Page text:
A key driver behind the amazing progress in computer performance and computer cost-performance has been Moore’s Law (doubling transistors per chip every two years) and Dennard Scaling (doing so at roughly constant power). Many have been warning that there are challenges with both and that new action is need to use transistors more efficiently. See for example the National Academies 2011 report “The Future of Computing Performance: Game Over or Next Level?” and the Computer Community Consortium 2012 white paper “21st Century Computer Architecture”.
Intel has long been a contrarian on these warning, arguing that technology scaling will continue into the foreseeable future. A recent Fossbyte report “Intel Accepts That Moore’s Law Is Finally Dead, Drops Its ‘Tick-Tock’ Model Of Chip Making”, however, claims that even Intel is showing concern. The report claims that Intel plans to alter its long-used “tick-tock” model, wherein annual improvements alternate between architecture and technology scaling. (This model had been used by many companies and was arguably pioneered by IBM, but without the memorable name).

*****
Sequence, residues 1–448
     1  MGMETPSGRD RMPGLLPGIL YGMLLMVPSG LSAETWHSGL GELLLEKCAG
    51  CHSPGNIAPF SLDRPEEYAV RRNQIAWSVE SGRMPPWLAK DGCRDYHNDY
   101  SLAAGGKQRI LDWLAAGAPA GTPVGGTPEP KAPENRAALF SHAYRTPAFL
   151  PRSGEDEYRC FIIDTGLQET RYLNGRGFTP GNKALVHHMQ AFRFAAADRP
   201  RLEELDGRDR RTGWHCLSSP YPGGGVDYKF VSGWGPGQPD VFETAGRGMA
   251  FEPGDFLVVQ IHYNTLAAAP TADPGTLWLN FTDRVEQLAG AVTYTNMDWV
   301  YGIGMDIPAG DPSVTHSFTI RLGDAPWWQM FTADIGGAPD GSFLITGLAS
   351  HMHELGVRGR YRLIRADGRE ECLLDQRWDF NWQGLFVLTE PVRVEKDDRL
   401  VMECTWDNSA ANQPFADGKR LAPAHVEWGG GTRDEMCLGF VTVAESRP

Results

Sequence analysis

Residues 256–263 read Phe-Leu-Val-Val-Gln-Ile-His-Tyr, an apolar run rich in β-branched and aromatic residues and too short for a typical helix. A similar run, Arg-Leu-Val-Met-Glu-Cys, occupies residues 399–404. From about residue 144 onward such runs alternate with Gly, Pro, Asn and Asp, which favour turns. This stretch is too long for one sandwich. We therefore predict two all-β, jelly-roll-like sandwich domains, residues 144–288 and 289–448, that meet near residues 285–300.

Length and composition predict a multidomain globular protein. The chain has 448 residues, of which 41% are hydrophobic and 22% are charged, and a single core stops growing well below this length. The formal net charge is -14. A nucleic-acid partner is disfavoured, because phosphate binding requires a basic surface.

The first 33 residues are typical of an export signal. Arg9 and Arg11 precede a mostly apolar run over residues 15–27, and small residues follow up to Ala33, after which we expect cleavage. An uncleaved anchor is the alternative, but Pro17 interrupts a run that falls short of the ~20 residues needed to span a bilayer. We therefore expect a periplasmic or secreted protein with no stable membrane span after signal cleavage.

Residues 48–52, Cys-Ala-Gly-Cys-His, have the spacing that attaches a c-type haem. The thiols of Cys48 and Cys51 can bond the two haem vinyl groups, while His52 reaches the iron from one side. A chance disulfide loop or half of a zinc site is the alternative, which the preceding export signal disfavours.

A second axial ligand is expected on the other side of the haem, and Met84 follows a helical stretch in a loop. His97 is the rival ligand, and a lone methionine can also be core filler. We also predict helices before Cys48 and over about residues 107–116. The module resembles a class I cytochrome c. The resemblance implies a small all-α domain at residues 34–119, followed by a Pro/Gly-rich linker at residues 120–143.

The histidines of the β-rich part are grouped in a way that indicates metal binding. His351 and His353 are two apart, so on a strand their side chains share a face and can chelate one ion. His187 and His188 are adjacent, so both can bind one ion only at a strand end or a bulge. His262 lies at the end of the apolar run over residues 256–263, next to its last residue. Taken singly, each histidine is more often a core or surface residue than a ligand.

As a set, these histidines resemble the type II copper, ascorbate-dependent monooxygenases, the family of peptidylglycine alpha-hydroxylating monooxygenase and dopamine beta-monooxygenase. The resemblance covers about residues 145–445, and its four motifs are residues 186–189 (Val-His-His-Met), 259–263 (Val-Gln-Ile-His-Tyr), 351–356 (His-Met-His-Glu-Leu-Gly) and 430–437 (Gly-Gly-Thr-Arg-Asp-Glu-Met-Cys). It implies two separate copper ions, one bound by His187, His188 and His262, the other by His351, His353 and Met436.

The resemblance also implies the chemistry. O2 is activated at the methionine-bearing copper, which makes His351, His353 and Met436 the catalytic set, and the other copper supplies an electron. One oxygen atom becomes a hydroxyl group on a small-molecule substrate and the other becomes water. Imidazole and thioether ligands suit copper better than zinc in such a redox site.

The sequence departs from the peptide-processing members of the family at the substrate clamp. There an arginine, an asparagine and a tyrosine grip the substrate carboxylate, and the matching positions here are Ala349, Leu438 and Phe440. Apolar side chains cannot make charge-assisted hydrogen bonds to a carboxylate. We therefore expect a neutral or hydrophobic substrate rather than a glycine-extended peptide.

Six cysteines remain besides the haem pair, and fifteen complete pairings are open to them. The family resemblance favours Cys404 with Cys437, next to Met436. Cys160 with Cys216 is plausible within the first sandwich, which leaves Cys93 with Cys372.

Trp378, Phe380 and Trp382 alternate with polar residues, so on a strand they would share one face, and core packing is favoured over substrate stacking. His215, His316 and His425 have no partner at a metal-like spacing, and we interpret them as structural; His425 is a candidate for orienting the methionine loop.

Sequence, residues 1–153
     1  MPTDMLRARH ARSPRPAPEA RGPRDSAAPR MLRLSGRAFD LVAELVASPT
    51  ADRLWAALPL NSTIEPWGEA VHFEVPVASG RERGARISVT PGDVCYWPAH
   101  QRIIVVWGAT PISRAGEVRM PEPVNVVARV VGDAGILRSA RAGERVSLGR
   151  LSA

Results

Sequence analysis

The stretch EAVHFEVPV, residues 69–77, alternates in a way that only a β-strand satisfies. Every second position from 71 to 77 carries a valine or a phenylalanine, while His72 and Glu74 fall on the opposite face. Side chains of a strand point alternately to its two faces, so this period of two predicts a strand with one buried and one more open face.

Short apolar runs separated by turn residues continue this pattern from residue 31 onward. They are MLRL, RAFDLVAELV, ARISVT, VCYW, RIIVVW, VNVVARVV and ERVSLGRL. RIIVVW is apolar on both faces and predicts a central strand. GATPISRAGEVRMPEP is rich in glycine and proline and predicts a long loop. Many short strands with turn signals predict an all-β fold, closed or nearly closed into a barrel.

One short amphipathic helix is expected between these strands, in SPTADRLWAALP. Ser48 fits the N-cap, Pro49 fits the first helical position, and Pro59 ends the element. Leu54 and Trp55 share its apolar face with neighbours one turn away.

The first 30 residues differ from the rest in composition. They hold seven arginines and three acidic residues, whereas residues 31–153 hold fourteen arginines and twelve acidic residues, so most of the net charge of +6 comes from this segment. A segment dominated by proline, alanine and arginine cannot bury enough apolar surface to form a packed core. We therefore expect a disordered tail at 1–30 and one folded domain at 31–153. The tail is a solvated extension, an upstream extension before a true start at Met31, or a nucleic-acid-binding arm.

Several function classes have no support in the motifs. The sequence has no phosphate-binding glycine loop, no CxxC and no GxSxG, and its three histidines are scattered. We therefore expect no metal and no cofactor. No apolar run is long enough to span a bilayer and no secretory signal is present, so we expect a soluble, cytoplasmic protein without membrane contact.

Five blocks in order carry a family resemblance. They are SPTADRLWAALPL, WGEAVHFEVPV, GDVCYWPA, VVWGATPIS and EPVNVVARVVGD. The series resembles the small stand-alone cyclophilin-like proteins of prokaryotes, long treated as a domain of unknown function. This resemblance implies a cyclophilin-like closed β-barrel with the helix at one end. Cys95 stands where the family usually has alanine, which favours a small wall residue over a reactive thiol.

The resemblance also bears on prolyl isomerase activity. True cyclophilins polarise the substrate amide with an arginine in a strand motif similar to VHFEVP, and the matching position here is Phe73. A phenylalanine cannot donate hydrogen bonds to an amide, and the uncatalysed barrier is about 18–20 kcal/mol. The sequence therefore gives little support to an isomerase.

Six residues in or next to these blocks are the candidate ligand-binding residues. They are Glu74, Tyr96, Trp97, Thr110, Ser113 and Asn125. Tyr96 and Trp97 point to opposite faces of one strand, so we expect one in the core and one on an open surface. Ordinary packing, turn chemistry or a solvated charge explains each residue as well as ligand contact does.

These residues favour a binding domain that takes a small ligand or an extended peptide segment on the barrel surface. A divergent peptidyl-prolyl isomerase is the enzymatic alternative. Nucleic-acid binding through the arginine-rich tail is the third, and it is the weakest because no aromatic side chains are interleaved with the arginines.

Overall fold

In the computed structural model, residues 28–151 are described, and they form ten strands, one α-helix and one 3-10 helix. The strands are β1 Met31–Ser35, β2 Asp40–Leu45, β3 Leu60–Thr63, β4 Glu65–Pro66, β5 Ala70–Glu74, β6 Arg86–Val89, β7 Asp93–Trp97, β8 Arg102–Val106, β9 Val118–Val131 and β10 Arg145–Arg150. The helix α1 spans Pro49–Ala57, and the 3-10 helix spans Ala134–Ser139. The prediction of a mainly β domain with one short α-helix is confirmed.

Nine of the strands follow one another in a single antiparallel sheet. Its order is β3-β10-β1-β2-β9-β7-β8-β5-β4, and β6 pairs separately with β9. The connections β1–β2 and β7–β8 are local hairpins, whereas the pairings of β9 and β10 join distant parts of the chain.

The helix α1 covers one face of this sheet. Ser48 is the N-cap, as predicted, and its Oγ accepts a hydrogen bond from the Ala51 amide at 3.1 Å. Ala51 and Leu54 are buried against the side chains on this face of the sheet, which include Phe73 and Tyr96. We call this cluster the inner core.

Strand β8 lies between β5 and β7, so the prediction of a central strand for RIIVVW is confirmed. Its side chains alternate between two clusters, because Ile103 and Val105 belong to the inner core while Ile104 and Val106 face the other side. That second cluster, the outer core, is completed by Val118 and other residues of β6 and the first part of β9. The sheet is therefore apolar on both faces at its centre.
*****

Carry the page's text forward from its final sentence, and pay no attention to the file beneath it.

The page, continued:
To many, the challenges to technology scaling provides a push to innovate more at other levels. See for example 2015 Computer Community Consortium white paper “Opportunities and Challenges for Next Generation Computing” and the call for an the upcoming “Architecture 2030 Workshop @ ISCA 2016”. More generally, I see these changes also as opportunities to innovate in more radical dimensions, such from security to wearability to greenness.